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Posts Tagged ‘bird feeder’

We think you will like this delightful and beautifully made porcelain Blue Tit Feeding House, decorated with Blue Tit illustrations by Marjolein Bastin. 

The perfect present for anyone who enjoys attracting birds to their garden, it is ideal for small gardens and balconies and can be easily hung against a wall, tree or fence post.

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Nesting places are limited in many gardens, and to maximise the number and variety of birds you have in your local area, consider putting up some nest boxes.  …And the nesting season is starting to get into full swing so get them installed as soon as you can!

 

Which Nest Box to Choose

The robin and wren prefers to nest in an open fronted box, and our Robin and Wren Nest Box has been specifically designed with this in mind. 

 

Equally suitable is the Open Birch Log Nest Box and is perfect if you prefer a more natural look. 

These nest boxes should be located low to the ground, no more than 1m or so high, and will need to be well hidden by vegetation to keep predators away.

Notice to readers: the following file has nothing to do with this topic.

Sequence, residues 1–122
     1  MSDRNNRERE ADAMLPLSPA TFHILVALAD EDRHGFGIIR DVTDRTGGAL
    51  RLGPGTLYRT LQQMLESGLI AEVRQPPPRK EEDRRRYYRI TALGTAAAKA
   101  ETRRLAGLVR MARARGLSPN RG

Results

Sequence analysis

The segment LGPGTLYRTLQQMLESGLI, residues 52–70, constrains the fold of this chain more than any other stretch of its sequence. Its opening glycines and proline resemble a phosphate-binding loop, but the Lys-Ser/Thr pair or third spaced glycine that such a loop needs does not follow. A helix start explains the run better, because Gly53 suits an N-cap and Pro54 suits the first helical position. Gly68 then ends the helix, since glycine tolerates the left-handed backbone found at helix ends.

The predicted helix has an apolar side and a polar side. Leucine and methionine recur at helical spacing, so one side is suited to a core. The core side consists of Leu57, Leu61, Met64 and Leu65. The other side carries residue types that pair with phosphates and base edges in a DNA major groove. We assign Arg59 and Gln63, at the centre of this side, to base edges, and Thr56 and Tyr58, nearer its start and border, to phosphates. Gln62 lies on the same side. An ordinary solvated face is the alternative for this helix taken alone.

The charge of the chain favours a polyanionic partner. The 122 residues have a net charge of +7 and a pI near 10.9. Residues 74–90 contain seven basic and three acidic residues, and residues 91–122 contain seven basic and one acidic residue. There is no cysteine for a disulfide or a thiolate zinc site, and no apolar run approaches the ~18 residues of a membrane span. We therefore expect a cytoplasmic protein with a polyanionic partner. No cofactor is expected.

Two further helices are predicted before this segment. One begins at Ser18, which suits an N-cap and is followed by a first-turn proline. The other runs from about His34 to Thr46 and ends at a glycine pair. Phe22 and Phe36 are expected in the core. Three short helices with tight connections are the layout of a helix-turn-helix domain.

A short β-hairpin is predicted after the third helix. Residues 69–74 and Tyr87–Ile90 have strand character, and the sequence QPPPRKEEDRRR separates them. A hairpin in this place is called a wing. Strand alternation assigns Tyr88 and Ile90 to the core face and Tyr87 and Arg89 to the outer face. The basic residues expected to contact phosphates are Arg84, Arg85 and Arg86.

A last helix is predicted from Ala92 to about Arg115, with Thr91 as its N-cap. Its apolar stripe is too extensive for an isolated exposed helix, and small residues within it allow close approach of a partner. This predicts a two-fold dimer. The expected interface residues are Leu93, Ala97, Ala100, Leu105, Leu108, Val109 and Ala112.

House Sparrow were once one of our commonest birds but populations have sharply declined in recent years, partly due to a lack of natural nesting sites. 

House sparrows are very communal birds, typically nesting in colonies, so the  Timber House Sparrow Terrace is perfect for them. 

Inside the box is split into chambers to fit three pairs of birds – all very cosy!  House sparrows are happy to use a nest box positioned high under the eaves, but when locating it remember to keep away from areas where house martins or swifts usually nest.

The Birch Log Hole Nest Box  is suitable for tits and sparrows, and should be fixed at a height of between 2 and 4 metres.

Siting Your Nestbox

Birds like to have a clear flight path to the nest box so avoid too many obstacles that can make access difficult.  It’s also a good idea to tilt the bird box downwards a little bit, then when it rains, the rain is more likely to hit the roof and not enter the nest box itself.

The nest box is best located away from strong, direct sunlight and strong winds, so unless it is in a sheltered corner position it so it is facing a north-easterly direction where possible.

Cleaning Your Nestboxes

Nestboxes should be cleaned well before the nesting season begins.  Old nests can harbour disease and parasites so should be removed.  Boiling water can be used to kill any remaining bugs and the box should then be left to dry out thoroughly before putting up in the garden.

The RSBP recommend that nestboxes should not inspected whilst birds are nesting, how ever tempting this might be.  But you can keep an eye on everything that’s going on inside with the Nestbox with Infra Red Camera.  Live footage taken during the day and night can then be viewed from your television! 

…And to give birds a helping hand during the busy nesting season, don’t forget to provide water in a Bird Bath and some supplementary Bird Food on a Garden Bird Table.

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